The rousing Black Flag-meets-Son House boot-stomper 'Only Whiskey' punches a hole in the notion of temperance and rewrites the meaning of monogamy -- the story of a man so disillusioned with romance he reserves vice as his permanent bed partner. In 'Gotta Get to Heaven', fervent 'hallelujahs' allude to a youthful and impious Biram, who quit churchat 10 years-old but also found his life's calling when an African-American Baptist choir performed for his grade school.
Throughout Nothin' But Blood, recorded at Biram's home studio and Cacophony Studios in Austin, TX, SHB's distinct songwriting style encompasses his penchant for sludge metal and palm muting ('Around the Bend'), the raw sucker punch of punk rock ('Only Whiskey'), profound truths of sentimental acoustic blues and country ('Never Comin' Home'), the cleansing powers of gospel hymns and spiritual ballads ('When I Die'), and folk tales from the early 20th century (there has never been a more beautifully creepy and morosely slinky take on 'Jack of Diamonds').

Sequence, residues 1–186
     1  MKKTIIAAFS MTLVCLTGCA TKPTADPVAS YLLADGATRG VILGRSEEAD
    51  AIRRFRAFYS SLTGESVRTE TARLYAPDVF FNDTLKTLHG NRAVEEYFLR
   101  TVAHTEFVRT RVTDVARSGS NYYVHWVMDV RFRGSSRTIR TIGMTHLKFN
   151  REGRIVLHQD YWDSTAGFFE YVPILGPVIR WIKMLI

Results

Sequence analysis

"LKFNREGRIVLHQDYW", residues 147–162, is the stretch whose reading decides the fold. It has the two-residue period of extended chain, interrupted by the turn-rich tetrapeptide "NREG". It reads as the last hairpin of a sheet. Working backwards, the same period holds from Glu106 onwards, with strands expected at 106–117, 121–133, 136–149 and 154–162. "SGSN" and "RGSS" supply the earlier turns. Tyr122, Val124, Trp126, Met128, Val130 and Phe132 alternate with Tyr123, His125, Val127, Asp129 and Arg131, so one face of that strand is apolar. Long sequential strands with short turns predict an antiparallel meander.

When you boil it all down in a simmering cauldron, Nothin' But Blood is storytelling about wrongdoing and redemption. Scott H. Biram's music is from the soul, for the soul, of the soul -- and with this album, the spiritual buckshot lodges deeper than ever.
Scott H. Biram isn't a one-man band. He is THE one-man band
Quoth he: "My music is the bastard child of Punk, Blues, Country, Hillbilly, Bluegrass, Chain Gang, Metal, and Classic Rock." But don't let that fool you. Two-man bands like the Black Keys have made a lot of noise in the past few years, but Biram's got twice the cri de couer with half the personnel. He fearlessly preachs his gospel of blues, punk, country, metal and psychobilly to his congregation of metalheads,barflies, college professors and regular dudes via a pulpit that is just a stack of amps, a '59 hollow body Gibson and a stomp board.